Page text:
Peeling away pancreatic cancers' defenses

A combination immunotherapy approach that gets through pancreatic cancers’ extra Read more

Immune cell activation in severe COVID-19 resembles lupus

In severe cases of COVID-19, Emory researchers have been observing an exuberant activation of B cells, resembling acute flares in systemic lupus erythematosus (SLE), an autoimmune disease. The findings point towards tests that could separate some COVID-19 patients who need immune-calming therapies from others who may not. It also may begin to explain why some people infected with SARS-CoV-2 produce abundant antibodies against the virus, yet experience poor outcomes. The results were published online on Oct. Read more

Muscle cell boundaries: some assembly required

The worm C elegans gives insight into muscle cell assembly + architecture Read more

autism

Fragile X: $8 million NIH grant supports next-generation neuroscience

Supported by a $8 million, five-year grant, an Emory-led team of scientists plans to investigate new therapeutic approaches to fragile X syndrome, the most common inherited intellectual disability and a major single-gene cause of autism.

Fragile X research represents a doorway to a better understanding of autism, and learning and memory. The field has made strides in recent years. Researchers have a good understanding of the functions of the FMR1 gene, which is silenced in fragile X syndrome.

Still, clinical trials based on that understanding have been unsuccessful, highlighting limitations of current mouse models. Researchers say the answer is to use “organoid” cultures that mimic the developing human brain.

The new grant continues support for the Emory Fragile X Center, first funded by the National Institutes of Health in 1997. The Center’s research program includes scientists from Emory as well as Stanford, New York University, Penn and the University of Southern California. The Emory Center will be one of three funded by the National Institutes of Health; the others are at Baylor College of Medicine and Cincinnati Children’s Hospital Medical Center.

The co-directors for the Emory Fragile X Center are Peng Jin, PhD, chair of human genetics, and Stephen Warren, PhD, William Patterson Timmie professor and chair emeritus of human genetics. In the 1980s and 1990s, Warren led an international team that discovered the FMR1 gene and the mechanism of trinucleotide repeat expansion that silences the gene. This explained fragile X syndrome’s distinctive inheritance pattern, first identified by Emory geneticist Stephanie Sherman, PhD.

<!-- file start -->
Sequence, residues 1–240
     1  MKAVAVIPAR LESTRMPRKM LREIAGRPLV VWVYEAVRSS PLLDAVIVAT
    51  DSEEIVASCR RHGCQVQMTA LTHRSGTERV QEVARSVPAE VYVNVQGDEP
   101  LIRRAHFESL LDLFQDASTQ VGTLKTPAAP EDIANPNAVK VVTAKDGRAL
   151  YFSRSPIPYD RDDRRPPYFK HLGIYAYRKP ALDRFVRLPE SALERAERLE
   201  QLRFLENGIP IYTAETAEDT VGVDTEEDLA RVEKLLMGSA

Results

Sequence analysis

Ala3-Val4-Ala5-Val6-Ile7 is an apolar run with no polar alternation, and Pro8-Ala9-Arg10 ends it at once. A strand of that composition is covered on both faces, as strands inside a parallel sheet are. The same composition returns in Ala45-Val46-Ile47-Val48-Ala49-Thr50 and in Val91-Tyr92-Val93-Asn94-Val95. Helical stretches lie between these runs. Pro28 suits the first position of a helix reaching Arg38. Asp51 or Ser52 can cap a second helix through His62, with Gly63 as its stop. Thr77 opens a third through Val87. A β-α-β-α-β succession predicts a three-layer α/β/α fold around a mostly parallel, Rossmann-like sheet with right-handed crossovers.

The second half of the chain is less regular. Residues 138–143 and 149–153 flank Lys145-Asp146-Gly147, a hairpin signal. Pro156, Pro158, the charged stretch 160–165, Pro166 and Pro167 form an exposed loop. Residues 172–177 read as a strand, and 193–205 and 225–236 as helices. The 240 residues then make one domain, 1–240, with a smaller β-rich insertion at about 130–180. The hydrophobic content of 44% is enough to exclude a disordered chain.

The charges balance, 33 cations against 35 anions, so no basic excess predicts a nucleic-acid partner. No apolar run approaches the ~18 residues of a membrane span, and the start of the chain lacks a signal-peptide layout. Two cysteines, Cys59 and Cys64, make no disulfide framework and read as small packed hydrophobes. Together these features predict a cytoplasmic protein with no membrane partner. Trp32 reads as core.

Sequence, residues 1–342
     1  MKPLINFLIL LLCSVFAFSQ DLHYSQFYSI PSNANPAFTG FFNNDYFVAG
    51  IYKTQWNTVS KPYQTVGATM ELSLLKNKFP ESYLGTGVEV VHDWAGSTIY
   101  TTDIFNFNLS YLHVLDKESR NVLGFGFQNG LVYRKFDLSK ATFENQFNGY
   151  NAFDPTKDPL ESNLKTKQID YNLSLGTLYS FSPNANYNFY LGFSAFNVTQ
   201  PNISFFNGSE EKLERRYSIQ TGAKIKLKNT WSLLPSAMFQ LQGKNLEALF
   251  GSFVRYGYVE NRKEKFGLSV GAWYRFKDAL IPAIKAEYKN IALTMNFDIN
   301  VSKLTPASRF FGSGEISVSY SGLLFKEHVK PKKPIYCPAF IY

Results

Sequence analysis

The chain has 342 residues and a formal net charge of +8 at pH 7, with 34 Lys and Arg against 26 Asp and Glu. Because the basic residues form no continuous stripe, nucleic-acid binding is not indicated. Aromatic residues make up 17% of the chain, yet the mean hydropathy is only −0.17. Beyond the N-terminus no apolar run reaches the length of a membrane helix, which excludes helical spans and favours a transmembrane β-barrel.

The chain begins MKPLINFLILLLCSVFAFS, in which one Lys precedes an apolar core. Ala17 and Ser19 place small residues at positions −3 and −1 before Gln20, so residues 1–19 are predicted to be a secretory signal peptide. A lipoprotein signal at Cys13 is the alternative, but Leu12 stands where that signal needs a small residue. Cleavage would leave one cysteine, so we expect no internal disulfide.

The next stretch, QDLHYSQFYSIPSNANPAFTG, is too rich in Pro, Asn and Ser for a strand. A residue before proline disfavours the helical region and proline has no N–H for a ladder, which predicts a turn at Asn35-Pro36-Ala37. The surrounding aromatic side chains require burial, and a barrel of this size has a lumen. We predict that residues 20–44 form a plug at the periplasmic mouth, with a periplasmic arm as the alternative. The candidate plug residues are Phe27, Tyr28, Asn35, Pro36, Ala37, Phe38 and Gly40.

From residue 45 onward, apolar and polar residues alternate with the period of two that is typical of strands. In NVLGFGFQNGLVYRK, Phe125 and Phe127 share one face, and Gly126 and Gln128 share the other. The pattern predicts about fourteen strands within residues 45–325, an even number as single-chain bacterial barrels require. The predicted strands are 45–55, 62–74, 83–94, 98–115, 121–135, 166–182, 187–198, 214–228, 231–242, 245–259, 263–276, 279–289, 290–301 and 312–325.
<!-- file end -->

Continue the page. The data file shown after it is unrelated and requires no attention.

“Fragile X research is a consistent strength for Emory, stretching across several departments, based on groundbreaking work from Steve and Stephanie,” Jin says. “Now we have an opportunity to apply the knowledge we and our colleagues have gained to test the next generation of treatments.”

Fragile X researchers from three Emory departments, following COVID-19 spacing guidelines in the laboratory. From left to right: Peng Jin, Gary Bassell, Zhexing Wen and Nisha Raj.

Looking ahead, a key element of the Center’s research will involve studying the human brain in “disease in a dish” models, says Gary Bassell, PhD, chair of cell biology. Nisha Raj, PhD, a postdoctoral fellow in Bassell’s lab, has been studying how FMR1 regulates localized protein synthesis at the brain’s synapses.

“What we’re learning is that there may be different RNA targets in human and mouse cells,” he says. “There’s a clear need to regroup and incorporate human cells into the research.”

Microscope images of fragile X human brain organoids, courtesy of Zhexing Wen. Green represents cytoplasmic Nestin while red represents nuclear Sox2; both are markers for neural progenitor cells.
Microscope image of fragile X human brain organoids, courtesy of Zhexing Wen. Green represents cytoplasmic Nestin while red represents nuclear Sox2; both are markers for neural progenitor cells. 

Center investigator Zhexing Wen, PhD, has developed techniques for culturing brain organoids (image above), which reproduce features of human brain development in miniature. Wen, assistant professor of psychiatry and behavioral sciences, cell biology and neurology at Emory, has used organoids to model other disorders, such as schizophrenia and Alzheimer’s disease. 

The organoids are formed from human brain cells, coming from induced pluripotent stem cells, which are in turn derived from patient-donated tissues. Emory’s Laboratory of Translational Cell Biology, directed by Bassell, has developed several lines of induced pluripotent stem cells from fragile X syndrome patients.

“All of the investigators are sharing these valuable resources and collaborating on multiple projects,” Bassell says.